Computing That Serves

Health Care Applications of Data Mining


Thursday, February 8, 2007 - 11:00am


Mollie Poynton PhD, APRN, College of Nursing, University of Utah

Growth in data warehousing has led to ever-increasing application of data mining methods to health care related phenomena. The presenter will review this developing area, providing specific application examples and outlining key issues. The presenter will also describe recent studies comparing the performance of multiple machine learning methods with that of the dominant pharmacokinetic modeling method, a nonlinear mixed effects model, in predicting blood serum concentration of an anesthetic, remifentanil.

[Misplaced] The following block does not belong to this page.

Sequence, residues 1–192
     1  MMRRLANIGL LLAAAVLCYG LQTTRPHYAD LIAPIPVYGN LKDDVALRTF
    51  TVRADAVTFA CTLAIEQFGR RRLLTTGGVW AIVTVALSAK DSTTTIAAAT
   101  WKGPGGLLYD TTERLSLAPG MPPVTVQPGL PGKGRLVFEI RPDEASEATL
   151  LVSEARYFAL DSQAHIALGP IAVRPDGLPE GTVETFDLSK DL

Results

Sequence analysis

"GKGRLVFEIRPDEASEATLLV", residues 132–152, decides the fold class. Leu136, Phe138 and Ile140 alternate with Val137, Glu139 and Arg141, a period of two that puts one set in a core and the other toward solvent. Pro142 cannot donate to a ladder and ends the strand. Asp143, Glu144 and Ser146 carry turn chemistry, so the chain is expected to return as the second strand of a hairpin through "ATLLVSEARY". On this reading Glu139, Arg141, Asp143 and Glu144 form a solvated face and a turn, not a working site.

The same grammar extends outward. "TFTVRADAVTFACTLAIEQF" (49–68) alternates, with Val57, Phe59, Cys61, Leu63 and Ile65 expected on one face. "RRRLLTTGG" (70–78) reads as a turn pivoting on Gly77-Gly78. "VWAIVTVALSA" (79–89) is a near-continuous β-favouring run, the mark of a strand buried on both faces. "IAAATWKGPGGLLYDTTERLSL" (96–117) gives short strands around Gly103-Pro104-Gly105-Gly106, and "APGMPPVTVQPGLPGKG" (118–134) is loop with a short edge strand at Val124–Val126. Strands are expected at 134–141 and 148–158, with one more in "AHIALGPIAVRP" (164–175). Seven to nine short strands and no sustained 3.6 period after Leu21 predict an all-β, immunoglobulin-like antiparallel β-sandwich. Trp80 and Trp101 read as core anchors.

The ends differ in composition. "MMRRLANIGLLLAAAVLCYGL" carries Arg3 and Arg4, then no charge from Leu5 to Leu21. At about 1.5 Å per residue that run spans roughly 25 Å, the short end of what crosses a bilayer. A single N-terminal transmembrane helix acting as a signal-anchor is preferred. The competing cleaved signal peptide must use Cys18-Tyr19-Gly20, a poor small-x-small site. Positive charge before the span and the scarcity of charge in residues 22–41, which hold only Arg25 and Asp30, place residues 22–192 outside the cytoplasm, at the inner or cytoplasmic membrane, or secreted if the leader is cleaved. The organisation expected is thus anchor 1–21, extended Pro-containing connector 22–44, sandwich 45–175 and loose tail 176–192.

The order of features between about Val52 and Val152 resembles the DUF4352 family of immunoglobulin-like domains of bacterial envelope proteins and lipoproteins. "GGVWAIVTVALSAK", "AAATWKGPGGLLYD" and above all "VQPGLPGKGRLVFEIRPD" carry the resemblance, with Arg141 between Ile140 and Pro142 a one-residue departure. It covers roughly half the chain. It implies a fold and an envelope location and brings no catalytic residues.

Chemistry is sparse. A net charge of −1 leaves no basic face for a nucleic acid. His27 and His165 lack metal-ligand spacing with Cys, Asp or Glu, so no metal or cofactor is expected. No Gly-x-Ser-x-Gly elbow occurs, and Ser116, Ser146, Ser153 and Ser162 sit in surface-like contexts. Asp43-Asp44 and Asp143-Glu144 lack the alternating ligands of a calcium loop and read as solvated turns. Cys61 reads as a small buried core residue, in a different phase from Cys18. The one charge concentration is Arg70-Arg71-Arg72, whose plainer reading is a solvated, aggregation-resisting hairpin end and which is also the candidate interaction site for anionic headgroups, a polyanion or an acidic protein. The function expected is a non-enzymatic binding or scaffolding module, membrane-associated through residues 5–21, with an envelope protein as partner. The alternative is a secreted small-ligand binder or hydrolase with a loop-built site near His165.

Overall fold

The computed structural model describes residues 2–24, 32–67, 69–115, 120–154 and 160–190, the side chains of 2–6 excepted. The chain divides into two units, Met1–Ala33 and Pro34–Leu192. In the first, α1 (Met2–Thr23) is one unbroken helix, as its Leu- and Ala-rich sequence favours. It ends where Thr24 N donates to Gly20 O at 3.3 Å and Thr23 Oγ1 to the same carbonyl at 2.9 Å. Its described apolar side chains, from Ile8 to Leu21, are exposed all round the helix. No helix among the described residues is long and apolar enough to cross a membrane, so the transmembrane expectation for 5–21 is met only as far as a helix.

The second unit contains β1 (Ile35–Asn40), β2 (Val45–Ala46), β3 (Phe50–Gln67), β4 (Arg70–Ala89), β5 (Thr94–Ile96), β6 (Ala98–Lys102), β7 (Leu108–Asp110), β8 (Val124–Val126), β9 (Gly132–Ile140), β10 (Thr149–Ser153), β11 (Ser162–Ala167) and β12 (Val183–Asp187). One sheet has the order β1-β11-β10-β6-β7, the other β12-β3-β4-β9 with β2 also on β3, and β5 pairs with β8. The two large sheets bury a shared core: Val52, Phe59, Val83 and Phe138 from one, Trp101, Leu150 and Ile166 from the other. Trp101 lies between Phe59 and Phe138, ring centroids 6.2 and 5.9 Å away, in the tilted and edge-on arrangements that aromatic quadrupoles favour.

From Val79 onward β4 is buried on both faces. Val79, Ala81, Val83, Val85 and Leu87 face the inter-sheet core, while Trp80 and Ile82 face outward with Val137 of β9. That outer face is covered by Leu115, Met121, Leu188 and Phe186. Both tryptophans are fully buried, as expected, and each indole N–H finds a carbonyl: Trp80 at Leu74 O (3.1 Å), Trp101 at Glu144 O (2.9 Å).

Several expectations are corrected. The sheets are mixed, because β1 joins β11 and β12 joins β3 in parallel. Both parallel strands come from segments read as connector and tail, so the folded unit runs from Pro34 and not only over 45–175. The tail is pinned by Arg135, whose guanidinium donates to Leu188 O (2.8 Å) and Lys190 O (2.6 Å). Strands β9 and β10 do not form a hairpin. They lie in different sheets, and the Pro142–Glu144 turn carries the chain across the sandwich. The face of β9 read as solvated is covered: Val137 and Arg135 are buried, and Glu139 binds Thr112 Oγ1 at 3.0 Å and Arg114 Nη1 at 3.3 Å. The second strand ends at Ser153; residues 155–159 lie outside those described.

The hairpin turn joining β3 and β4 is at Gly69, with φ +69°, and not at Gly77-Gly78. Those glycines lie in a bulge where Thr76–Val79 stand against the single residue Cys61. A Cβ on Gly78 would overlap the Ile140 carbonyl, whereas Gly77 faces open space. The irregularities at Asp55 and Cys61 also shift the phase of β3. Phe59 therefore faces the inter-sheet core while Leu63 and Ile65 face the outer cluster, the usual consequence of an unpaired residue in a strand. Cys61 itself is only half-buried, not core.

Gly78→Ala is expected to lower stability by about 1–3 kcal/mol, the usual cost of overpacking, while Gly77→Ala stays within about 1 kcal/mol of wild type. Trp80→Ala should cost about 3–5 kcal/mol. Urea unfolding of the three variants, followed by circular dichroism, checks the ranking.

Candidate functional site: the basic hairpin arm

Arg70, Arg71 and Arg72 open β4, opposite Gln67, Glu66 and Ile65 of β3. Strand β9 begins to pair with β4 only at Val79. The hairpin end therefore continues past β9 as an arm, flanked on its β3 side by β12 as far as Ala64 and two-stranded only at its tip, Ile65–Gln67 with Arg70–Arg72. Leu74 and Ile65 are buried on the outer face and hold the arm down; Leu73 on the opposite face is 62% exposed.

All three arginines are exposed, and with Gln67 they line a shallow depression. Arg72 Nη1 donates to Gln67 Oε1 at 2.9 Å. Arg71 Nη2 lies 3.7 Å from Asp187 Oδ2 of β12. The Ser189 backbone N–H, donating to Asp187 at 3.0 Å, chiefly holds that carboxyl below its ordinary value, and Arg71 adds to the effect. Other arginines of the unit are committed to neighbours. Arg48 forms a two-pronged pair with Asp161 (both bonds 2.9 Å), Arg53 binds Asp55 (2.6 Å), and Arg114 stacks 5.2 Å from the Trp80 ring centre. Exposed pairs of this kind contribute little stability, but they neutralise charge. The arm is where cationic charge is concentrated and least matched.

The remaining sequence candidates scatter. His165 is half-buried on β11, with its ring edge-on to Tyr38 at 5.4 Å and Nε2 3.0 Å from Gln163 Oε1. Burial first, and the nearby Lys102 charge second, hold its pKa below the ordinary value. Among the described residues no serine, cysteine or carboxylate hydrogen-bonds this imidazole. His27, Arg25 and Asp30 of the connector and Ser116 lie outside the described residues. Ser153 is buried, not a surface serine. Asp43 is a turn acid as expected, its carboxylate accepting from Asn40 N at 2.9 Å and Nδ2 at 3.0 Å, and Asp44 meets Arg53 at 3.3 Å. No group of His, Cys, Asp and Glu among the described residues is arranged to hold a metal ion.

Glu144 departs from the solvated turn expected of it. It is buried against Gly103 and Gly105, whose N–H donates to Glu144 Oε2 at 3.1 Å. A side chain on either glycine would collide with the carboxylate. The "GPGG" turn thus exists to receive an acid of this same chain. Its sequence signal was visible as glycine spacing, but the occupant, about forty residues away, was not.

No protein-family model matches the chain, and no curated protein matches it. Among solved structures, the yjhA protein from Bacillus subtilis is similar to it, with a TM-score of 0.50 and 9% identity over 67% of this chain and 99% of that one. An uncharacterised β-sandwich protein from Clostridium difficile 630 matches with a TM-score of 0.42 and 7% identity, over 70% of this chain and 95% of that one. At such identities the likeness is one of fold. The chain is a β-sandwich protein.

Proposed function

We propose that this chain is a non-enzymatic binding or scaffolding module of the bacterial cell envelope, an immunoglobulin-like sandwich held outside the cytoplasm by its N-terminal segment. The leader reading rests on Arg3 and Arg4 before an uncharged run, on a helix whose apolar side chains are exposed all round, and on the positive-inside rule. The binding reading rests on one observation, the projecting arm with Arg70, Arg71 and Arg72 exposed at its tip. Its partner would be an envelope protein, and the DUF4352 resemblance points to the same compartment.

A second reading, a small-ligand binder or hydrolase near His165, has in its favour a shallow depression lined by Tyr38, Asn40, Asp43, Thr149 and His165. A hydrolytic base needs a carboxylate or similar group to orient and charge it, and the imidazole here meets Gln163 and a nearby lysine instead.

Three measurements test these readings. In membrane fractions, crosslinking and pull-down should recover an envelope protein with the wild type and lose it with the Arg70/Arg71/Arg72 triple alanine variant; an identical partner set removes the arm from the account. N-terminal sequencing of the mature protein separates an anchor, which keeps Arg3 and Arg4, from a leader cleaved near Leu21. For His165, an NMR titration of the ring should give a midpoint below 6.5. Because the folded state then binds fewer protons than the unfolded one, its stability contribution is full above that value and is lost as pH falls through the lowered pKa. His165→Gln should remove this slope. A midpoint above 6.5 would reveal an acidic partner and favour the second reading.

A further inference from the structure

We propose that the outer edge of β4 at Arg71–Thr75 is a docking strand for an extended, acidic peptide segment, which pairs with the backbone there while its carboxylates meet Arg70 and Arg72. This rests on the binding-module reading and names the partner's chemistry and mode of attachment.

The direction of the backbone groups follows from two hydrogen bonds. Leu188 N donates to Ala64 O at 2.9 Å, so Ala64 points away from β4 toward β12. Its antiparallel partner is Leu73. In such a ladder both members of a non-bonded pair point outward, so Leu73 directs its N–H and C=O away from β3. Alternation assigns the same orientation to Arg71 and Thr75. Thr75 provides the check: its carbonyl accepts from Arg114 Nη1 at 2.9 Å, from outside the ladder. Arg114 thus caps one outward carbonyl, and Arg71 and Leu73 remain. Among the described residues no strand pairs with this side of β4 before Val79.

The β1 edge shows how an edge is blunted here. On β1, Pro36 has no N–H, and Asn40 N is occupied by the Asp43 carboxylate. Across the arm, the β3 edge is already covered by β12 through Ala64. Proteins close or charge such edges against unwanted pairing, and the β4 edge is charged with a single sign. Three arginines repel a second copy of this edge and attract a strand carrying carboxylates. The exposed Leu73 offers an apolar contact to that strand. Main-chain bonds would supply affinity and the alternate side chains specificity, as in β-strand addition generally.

Mollie R. Poynton PhD, APRN, BC is an assistant professor in the University of Utah College of Nursing informatics program. She also serves as an adjunct assistant professor in the University of Utah School of Medicine, Department of Biomedical Informatics. At University of Utah, she teaches coursework in nursing informatics, knowledge discovery in databases, and decision support systems. Her program of research focuses on applications of data mining methods to human health-related behavior, primarily smoking cessation. She has also collaborated on an interdisciplinary project examining machine learning methods as a tool for pharmacokinetic and pharmacodynamic modeling. She regularly presents at regional, national, and international meetings, and has published in journals ranging from Clinical Nurse Specialist to Journal of Biomedical Informatics. Currently president of the Utah Nursing Informatics Network, she serves on committees and working groups for the American Nurses Association and the American Medical Informatics Association. Dr. Poynton is both a health informaticist and a nationally certified family nurse practitioner